Needs of Poor, Not Politics, Should Drive Reform of US Foreign Aid

By Oxfam

The following is a statement from Raymond C. Offenheiser, President of Oxfam America, on Secretary Rice’s announcement of USAID restructuring.

“Secretary Rice announced a momentous overhaul of the State Department and the US Agency for International Development (USAID) that will certainly change the way the US helps the poor across the world. The steps she has proposed as part of her “Transformational Diplomacy” initiative—posting more diplomats in poor countries and crisis zones, focus on teaching more languages used in the developing world, and ensuring that the State Department can evolve to face a post-Cold War world are to be commended.

As an international organization committed to long term solutions to poverty and hunger, we want to see US taxpayer money used as effectively as possible to make the biggest difference for the billion people across the world that struggle to survive on just a dollar a day. As an independent organization that does not pursue or accept USAID funding but works alongside USAID initiatives, we recognize the magnitude and importance of this restructuring.

Indeed, President Bush has made great strides to increase and restructure overseas assistance. But lives are at stake so we must proceed cautiously and wisely. The following four areas of focus must drive the reform of US foreign aid, ensuring that the long-term needs of the poor—not politics— come first.

1. The Needs of the Poor, Not Politics, Should Drive Reform of US Foreign Aid
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Since the attacks of September 11th there has been a drastic shift in US foreign assistance that has blurred the lines traditionally separating development and humanitarian aid from political and military action. It is essential that any plan to restructure the State Department and USAID does not further erode the independence of aid groups to fight poverty and respond to humanitarian emergencies based on the need on-the-ground, not based on the agenda of the White House or the Pentagon. <p>

The safety of NGO staff and the people we are trying to help is compromised by any perception that development and humanitarian assistance is a political and military tool. Secretary Rice and the incoming Administrator of USAID must publicly affirm the independent nature of development and humanitarian assistance, and work to restructure USAID in a way that reflects the core values of independence and impartiality that should guide development and humanitarian programs.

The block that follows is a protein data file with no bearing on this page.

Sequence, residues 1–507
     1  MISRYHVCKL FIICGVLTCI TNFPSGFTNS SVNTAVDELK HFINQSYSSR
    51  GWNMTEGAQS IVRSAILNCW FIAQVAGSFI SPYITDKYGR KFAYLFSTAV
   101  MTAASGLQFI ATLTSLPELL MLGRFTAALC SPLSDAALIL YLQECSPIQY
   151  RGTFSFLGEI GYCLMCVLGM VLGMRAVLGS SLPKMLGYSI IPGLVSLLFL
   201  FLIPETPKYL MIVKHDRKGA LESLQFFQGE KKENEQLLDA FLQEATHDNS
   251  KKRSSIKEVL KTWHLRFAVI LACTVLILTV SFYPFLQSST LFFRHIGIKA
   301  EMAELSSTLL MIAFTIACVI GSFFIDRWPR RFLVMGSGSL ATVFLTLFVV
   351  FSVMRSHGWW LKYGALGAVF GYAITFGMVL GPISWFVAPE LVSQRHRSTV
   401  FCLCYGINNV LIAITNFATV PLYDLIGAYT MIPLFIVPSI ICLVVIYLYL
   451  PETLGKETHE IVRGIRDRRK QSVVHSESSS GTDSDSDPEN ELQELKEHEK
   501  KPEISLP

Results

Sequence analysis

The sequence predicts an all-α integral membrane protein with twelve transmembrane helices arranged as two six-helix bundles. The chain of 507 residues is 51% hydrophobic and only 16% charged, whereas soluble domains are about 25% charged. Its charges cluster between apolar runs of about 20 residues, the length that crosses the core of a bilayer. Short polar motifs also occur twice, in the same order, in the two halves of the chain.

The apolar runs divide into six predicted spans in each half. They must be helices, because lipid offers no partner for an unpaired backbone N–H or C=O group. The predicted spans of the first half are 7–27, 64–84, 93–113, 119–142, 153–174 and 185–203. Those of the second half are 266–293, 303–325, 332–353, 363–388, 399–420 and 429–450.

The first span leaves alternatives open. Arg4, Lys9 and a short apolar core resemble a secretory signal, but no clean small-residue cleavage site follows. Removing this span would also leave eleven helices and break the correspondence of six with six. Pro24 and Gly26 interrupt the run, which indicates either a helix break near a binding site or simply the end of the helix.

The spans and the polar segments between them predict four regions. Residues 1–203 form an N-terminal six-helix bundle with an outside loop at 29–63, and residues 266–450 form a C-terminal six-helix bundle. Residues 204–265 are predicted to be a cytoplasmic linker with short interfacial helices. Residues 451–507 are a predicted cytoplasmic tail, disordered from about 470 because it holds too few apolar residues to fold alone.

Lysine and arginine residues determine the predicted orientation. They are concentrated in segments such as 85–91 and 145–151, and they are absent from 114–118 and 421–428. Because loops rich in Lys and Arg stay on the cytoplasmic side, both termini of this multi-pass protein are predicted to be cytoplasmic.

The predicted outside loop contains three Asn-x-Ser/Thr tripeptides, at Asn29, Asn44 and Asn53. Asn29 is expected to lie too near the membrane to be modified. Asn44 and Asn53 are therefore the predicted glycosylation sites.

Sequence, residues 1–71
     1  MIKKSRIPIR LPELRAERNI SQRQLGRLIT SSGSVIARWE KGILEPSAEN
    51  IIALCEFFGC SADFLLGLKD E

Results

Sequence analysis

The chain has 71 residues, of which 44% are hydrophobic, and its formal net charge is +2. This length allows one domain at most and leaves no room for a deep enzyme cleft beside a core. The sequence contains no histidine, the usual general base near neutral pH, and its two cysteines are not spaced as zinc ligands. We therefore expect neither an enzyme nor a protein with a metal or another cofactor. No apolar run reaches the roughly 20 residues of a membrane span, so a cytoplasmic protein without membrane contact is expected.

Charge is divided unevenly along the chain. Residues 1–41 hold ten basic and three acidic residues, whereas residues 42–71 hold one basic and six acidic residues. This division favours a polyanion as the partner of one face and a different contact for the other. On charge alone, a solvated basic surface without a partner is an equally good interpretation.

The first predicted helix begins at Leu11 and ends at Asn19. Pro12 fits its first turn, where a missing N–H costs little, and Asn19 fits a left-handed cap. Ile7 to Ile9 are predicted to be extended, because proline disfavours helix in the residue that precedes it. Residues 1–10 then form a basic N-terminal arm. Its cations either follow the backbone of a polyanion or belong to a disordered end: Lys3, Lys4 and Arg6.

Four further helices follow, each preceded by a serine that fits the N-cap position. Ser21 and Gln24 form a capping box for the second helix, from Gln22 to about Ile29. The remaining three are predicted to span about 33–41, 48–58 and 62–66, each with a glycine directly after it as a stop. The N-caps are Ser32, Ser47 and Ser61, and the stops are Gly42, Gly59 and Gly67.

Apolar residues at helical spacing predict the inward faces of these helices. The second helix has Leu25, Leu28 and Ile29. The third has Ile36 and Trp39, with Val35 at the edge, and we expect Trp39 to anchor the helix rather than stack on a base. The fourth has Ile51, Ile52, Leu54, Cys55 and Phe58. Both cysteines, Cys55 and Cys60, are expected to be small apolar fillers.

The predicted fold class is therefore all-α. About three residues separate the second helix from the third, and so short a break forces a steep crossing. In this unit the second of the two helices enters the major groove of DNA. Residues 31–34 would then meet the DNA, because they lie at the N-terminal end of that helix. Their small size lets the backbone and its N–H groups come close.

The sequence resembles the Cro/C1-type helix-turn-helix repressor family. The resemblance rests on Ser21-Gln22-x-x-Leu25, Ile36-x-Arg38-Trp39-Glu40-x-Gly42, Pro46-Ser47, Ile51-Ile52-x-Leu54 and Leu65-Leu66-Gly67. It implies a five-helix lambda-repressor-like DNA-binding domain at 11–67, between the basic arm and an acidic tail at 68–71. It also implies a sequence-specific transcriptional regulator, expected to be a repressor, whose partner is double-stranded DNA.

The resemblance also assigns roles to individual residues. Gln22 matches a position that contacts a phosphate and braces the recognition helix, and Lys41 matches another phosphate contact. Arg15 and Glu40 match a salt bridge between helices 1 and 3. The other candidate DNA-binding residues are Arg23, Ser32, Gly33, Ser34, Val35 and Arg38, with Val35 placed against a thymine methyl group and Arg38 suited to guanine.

2. Building Institutions Should be Cornerstone of US Aid Strategy
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For far too long, food aid and other forms of assistance that breed dependence have been large components of US foreign aid. Secretary Rice should outline a far-reaching yet detailed strategy for how US money will be used to strengthen economic systems, government agencies, civil society groups, and basic infrastructure in poor countries. Increasing agricultural production or supporting poor communities through micro-credit programs is only one part of the solution. <p>

Strong local institutions are required to ensure development at the village level will have results at the national one. Better roads to bring goods to market, reliable banks where poor people can save their money and receive credit, and government institutions where the rights of the most marginalized are respected and defended are all examples of investments that encourage sustainability.

3. US Aid Budget Must be Increased Dramatically
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Restructuring USAID and America’s approach to foreign aid should be accompanied with further increases in funding for development and humanitarian assistance. Although the US is the largest donor in the world, and US assistance has been on the increase, the US is lags behind other developed countries in terms of how much foreign aid we give in proportion to our huge economy (only 0.16% in 2004). <p>

The type of generational changes Secretary Rice is proposing requires an equally ambitious vision for increasing the amount of money we are willing to spend on programs that help the poorest of the poor get out of poverty.

4. US Must Adopt Complementary Aid and Trade Policies Promoting Inclusive Globalization
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US foreign assistance should be accompanied by pro-development policies in other areas, particularly trade. Secretary Rice’s speech today did not mention what the US is prepared to do to enable poor people in developing countries to compete fairly in the global marketplace. <p>

While trade and agriculture have an enormous capacity to help poor countries develop, the unfair trading system currently in place is holding them back. For example, if Africa increased its share of world trade by just one per cent, it could make five times the amount it currently receives in aid. But this opportunity is negated by trade protectionism and unfair agricultural subsidies to farmers in countries like the US. Reforming of US trade policy, such as subsidies on commodities like cotton and rice should go hand in hand with aid programs that provide developing countries the means to make and market goods globally.


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REPORTER’S NOTE: Oxfam America is an independent humanitarian and development agency that does not receive any money from USAID. Its budget is financed by private donations and the generous grants of charitable foundations.

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